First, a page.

Vinyl vs. Rubber Trolling Lure Skirts for Fishing Blue Marlin

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Instructor: Kevin Hibbard
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Discover the art of choosing between vinyl and rubber trolling lure skirts for blue marlin fishing. Captain Kevin Hibbard shares his invaluable insights from Kona, Hawaii, guiding you to make informed decisions based on lure type, sea conditions, and marlin behavior, enhancing your fishing success and experience.

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Table Summary:

  • Vinyl Lure Skirts: Lighter and less bulky, ideal for pusher lures to create a better smoke trail. Easier to rig on larger lures. Less durable in waters with toothy predators.
  • Rubber Lure Skirts: Thicker and heavier, perfect for bullet lures to keep the lure submerged and produce a "black smoke" trail. Better performance in rough waters but less durable and prone to storage issues.
  • Choosing Based on Sea Conditions: Rubber skirts swim well in rough seas, while vinyl skirts excel in calm conditions.
  • Lure Rigging Tips: Hook position and washing lures post-use are crucial for maintaining effectiveness.

Fishing for blue marlin is the pinnacle of big game fishing, requiring not only skill and patience but also the right tackle and rigs. Among the most critical components of a blue marlin fisherman's arsenal are the trolling lures, specifically their skirts, which play a pivotal role in attracting fish to your spread. If your trolling lures don't swim right, because of bad rigging, you ain't catching shit. The debate between using vinyl vs. rubber lure skirts for fishing marlin has been ongoing, with each material offering distinct advantages and drawbacks. In this video, we delve into the insights of Captain Kevin Hibbard, a legendary big game fisherman from Kona, Hawaii, who has perfected the art of heavy tackle fishing for blue marlin. Through his decades of experience, Captain Hibbard provides invaluable advice on choosing the best trolling lures and skirt materials for targeting marlin fish, especially in the unique conditions of Kona's waters.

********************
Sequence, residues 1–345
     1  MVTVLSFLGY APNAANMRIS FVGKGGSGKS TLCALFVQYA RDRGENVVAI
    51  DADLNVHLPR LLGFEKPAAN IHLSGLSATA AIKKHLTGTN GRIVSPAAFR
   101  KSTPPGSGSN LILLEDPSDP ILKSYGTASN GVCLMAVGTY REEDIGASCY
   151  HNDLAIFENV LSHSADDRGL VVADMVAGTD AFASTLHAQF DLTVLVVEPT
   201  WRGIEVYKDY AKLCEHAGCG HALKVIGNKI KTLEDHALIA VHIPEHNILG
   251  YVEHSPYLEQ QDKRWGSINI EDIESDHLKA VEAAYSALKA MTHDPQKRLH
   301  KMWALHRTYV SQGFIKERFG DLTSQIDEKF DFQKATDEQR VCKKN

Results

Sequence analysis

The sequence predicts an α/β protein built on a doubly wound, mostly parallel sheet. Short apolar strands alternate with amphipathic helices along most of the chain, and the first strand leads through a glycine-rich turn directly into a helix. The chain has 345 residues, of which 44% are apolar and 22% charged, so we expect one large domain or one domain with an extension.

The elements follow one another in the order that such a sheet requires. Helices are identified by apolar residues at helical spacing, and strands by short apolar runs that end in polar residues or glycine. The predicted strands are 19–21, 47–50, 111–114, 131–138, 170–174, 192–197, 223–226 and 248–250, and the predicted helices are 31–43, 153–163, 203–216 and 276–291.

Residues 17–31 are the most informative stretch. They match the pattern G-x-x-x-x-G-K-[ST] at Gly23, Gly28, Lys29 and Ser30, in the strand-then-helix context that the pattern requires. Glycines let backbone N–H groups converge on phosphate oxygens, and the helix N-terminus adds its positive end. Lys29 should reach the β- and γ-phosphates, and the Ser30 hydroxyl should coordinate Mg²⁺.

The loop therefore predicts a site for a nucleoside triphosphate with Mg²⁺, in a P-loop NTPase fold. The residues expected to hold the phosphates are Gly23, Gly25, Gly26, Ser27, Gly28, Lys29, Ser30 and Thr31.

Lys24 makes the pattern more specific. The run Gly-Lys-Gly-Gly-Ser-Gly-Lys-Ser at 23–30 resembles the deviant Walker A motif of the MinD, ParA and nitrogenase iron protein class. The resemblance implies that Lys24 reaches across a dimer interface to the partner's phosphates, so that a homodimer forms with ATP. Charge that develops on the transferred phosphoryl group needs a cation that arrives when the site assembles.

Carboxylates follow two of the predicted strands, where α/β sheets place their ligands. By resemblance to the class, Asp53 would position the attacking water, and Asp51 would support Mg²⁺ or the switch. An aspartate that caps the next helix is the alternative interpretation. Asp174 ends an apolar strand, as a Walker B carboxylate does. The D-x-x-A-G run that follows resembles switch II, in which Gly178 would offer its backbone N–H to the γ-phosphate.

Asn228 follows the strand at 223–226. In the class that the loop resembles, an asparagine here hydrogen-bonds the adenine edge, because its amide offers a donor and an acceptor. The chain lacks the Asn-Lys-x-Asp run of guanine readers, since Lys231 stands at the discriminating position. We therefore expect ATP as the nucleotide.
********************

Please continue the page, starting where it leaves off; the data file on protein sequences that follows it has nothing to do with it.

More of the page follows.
Insights from Captain Kevin Hibbard

Captain Kevin Hibbard's expertise in blue marlin fishing is rooted in his years of experience fishing the calm seas of Kona, Hawaii and every other hot destination in the world. His choice between vinyl and rubber trolling lure skirts is influenced by sea conditions, the type of lure head, and the desired action of the lure in water.

Vinyl Skirts for Blue Marlin Lures

Vinyl skirts, according to Captain Hibbard, are best suited for pusher-style lures. These lures are designed to swim up to the surface, gulp air, and then dive back down, releasing air bubbles in the form of white smoke. The lightweight and less bulky nature of vinyl skirts facilitate this unique swimming action, creating an enticing smoke trail that mimics the movements of prey sought by blue marlin. Vinyl skirts also offer ease of rigging, especially on larger lures, making them a preferred choice for anglers targeting marlin with pusher lures in calm sea conditions, such as those often found in Kona.